About Soliris® (eculizumab)
Soliris® is a first-in-class complement inhibitor that works by inhibiting the C5 protein in the terminal part of the complement cascade, a part of the immune system that, when activated in an uncontrolled manner, plays a role in severe rare and ultra-rare disorders like paroxysmal nocturnal hemoglobinuria (PNH), atypical hemolytic uremic syndrome (aHUS) and anti-acetylcholine receptor (AchR) antibody-positive myasthenia gravis (MG). Soliris is approved in the U.S., EU, Japan and other countries as the first and only treatment for patients with PNH and aHUS, in the EU as the first and only treatment of refractory generalized MG (gMG) in adults who are anti-AchR antibody-positive, in the U.S. for the treatment of adult patients with gMG who are anti-AchR antibody-positive, and in Japan for the treatment of patients with gMG who are anti-AChR antibody-positive and whose symptoms are difficult to control with high-dose intravenous immunoglobulin (IVIG) therapy or plasmapheresis (PLEX). Soliris is not indicated for the treatment of patients with Shiga-toxin E. coli-related hemolytic uremic syndrome (STEC-HUS).
Soliris has received Orphan Drug Designation (ODD) for the treatment of patients with PNH in the U.S., EU, Japan and many other countries, for the treatment of patients with aHUS in the U.S., EU and many other countries, for the treatment of patients with MG in the U.S. and EU, and for the treatment of patients with refractory gMG in Japan. Alexion and Soliris have received some of the pharmaceutical industry’s highest honors for the medical innovation in complement inhibition: the Prix Galien USA (2008, Best Biotechnology Product) and France (2009, Rare Disease Treatment).
For more information on Soliris, please see full prescribing information for Soliris, including BOXED WARNING regarding risk of serious meningococcal infection, available at www.soliris.net.
Important Soliris Safety Information
The U.S. prescribing information for Soliris includes the following warnings and precautions: Life-threatening and fatal meningococcal infections have occurred in patients treated with Soliris. Meningococcal infection may become rapidly life-threatening or fatal if not recognized and treated early. Comply with the most current Centers for Disease Control (CDC)’s Advisory Committee on Immunization Practices (ACIP) recommendations for meningococcal vaccination in patients with complement deficiencies. Immunize patients with meningococcal vaccines at least two weeks prior to administering the first dose of Soliris, unless the risks of delaying Soliris therapy outweigh the risk of developing a meningococcal infection. Monitor patients for early signs of meningococcal infections and evaluate immediately if infection is suspected. Soliris is available only through a restricted program under a Risk Evaluation and Mitigation Strategy (REMS). Under the Soliris REMS, prescribers must enroll in the program. Enrollment in the Soliris REMS program and additional information are available by telephone: 1-888-SOLIRIS (1-888-765-4747) or at www.solirisrems.com.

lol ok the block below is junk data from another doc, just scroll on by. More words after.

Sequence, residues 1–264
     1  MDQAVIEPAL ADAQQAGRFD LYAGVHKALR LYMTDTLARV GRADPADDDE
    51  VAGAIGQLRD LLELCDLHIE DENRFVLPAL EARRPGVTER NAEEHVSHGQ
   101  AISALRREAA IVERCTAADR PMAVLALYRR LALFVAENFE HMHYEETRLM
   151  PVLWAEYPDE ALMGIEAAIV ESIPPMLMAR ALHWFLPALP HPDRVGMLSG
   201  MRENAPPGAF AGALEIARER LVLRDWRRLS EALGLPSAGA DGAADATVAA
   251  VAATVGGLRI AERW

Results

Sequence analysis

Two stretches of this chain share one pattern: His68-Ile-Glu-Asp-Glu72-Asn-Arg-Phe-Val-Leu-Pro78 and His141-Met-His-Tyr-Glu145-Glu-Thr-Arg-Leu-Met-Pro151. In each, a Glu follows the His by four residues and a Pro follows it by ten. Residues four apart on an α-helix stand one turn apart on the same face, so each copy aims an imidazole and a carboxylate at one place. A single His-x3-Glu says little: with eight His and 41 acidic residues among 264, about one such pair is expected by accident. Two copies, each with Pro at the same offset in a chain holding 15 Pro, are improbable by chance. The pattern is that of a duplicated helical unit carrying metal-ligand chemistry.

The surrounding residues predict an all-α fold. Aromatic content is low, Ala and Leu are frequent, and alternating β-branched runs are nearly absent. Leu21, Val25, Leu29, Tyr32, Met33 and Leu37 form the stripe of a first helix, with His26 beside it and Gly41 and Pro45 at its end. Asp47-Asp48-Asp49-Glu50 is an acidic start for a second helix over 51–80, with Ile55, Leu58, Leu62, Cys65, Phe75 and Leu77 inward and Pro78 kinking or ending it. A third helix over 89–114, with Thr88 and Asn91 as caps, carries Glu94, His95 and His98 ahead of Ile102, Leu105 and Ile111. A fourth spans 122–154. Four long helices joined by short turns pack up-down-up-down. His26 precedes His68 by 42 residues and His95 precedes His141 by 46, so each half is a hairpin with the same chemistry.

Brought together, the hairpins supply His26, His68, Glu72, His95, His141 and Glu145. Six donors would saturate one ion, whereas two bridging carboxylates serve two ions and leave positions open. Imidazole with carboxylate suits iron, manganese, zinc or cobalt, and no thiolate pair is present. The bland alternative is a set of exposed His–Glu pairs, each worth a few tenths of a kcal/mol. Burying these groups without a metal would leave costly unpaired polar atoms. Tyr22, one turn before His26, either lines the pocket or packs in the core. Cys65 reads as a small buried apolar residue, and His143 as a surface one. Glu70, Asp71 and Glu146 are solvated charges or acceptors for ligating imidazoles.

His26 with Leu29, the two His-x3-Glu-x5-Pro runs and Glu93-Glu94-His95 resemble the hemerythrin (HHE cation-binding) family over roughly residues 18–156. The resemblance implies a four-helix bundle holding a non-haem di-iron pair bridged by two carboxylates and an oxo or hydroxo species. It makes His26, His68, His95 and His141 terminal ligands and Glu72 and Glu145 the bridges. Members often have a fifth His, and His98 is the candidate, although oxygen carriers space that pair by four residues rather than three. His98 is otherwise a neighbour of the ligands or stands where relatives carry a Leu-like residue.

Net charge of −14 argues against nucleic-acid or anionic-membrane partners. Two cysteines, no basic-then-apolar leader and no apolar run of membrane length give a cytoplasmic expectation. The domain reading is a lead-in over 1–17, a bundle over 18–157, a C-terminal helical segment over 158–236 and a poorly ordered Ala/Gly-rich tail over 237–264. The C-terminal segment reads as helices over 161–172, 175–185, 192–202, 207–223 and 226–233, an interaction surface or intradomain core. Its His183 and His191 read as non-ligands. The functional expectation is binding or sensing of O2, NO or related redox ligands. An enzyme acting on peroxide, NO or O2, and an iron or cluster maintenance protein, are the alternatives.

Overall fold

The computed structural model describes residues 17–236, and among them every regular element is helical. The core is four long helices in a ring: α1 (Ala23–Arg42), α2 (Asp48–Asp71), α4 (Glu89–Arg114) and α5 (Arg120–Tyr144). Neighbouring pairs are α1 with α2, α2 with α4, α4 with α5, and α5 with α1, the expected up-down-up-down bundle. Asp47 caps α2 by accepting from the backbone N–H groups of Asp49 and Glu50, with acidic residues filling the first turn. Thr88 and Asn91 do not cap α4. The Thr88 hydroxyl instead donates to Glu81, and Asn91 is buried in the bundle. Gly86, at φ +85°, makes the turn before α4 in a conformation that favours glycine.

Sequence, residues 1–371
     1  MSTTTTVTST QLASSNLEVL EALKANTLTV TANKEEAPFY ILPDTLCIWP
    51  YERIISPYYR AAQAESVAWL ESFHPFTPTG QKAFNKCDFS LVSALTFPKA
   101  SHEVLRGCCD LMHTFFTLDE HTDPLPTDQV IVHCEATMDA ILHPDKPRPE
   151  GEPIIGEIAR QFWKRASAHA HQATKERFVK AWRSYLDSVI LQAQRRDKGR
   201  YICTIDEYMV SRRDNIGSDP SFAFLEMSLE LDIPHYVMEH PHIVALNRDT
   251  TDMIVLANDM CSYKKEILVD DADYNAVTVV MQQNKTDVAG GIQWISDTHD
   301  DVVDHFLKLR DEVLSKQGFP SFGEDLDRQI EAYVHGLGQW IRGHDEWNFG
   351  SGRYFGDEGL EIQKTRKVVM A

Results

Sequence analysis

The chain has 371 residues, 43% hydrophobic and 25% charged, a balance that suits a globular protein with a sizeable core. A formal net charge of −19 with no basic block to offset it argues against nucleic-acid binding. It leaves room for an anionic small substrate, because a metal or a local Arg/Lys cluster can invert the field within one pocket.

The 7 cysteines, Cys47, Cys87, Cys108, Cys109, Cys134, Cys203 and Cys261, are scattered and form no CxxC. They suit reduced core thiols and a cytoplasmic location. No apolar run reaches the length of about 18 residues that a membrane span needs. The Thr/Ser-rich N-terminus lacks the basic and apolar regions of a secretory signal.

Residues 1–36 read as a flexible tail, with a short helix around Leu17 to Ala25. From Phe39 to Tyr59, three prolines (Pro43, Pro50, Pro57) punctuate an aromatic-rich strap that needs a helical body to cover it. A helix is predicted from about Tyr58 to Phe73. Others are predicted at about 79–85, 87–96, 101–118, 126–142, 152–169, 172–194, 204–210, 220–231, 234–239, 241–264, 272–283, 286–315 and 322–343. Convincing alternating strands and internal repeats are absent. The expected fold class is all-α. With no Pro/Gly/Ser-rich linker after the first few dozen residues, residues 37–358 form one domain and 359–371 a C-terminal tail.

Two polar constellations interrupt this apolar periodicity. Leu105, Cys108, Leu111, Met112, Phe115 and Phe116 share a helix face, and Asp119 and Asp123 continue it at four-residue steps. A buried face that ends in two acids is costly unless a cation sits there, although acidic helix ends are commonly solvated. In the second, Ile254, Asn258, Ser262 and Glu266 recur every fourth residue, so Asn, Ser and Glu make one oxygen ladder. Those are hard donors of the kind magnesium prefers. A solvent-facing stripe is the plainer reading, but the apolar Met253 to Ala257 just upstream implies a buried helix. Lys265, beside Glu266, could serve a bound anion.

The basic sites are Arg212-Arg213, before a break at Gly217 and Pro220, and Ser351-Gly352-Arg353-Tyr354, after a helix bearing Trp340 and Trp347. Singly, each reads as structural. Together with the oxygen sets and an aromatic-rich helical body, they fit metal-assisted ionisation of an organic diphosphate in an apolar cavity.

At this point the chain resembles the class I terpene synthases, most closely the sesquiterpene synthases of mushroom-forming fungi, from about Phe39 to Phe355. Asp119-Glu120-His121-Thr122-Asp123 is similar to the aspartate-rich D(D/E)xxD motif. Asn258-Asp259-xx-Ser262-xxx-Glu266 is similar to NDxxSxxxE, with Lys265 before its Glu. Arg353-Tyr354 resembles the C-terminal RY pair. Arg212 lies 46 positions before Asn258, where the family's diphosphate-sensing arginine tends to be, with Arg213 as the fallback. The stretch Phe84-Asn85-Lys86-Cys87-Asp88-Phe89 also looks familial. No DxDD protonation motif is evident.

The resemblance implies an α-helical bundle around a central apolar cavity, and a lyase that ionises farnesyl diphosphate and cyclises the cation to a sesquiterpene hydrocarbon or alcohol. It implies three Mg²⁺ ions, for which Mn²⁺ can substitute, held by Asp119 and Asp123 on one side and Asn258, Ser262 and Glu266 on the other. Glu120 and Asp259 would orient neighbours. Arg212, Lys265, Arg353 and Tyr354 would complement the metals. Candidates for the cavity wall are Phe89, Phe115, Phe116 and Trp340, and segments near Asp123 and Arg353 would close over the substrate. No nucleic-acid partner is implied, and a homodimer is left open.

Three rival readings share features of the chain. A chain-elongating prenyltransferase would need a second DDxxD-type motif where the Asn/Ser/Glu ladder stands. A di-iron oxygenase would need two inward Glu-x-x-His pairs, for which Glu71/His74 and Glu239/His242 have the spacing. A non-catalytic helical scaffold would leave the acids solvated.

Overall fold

Patients may have increased susceptibility to infections, especially with encapsulated bacteria. Aspergillus infections have occurred in immunocompromised and neutropenic patients. Children treated with Soliris may be at increased risk of developing serious infections due to Streptococcus pneumoniae and Haemophilus influenza type b (Hib). Soliris treatment of patients with PNH should not alter anticoagulant management because the effect of withdrawal of anticoagulant therapy during Soliris treatment has not been established. Administration of Soliris may result in infusion reactions, including anaphylaxis or other hypersensitivity reactions.
In patients with PNH, the most frequently reported adverse events observed with Soliris treatment in clinical studies were headache, nasopharyngitis, back pain and nausea. In patients with aHUS, the most frequently reported adverse events observed with Soliris treatment in clinical studies were headache, diarrhea, hypertension, upper respiratory infection, abdominal pain, vomiting, nasopharyngitis, anemia, cough, peripheral edema, nausea, urinary tract infections, and pyrexia. In patients with gMG who are anti-AchR antibody-positive, the most frequently reported adverse reaction observed with Soliris treatment in the placebo-controlled clinical study (≥10%) was musculoskeletal pain.
Alexion is a global biopharmaceutical company focused on serving patients and families affected by rare diseases through the innovation, development and commercialization of life-changing therapies. Alexion is the global leader in complement inhibition and has developed and commercializes the first and only approved complement inhibitor to treat patients with paroxysmal nocturnal hemoglobinuria (PNH), atypical hemolytic uremic syndrome (aHUS), and anti-acetylcholine receptor (AchR) antibody-positive generalized myasthenia gravis (gMG). In addition, Alexion has two highly innovative enzyme replacement therapies for patients with life-threatening and ultra-rare metabolic disorders, hypophosphatasia (HPP) and lysosomal acid lipase deficiency (LAL-D). As the leader in complement biology for over 20 years, Alexion focuses its research efforts on novel molecules and targets in the complement cascade, and its development efforts on the core therapeutic areas of hematology, nephrology, neurology, and metabolic disorders. This press release and further information about Alexion can be found at: www.alexion.com.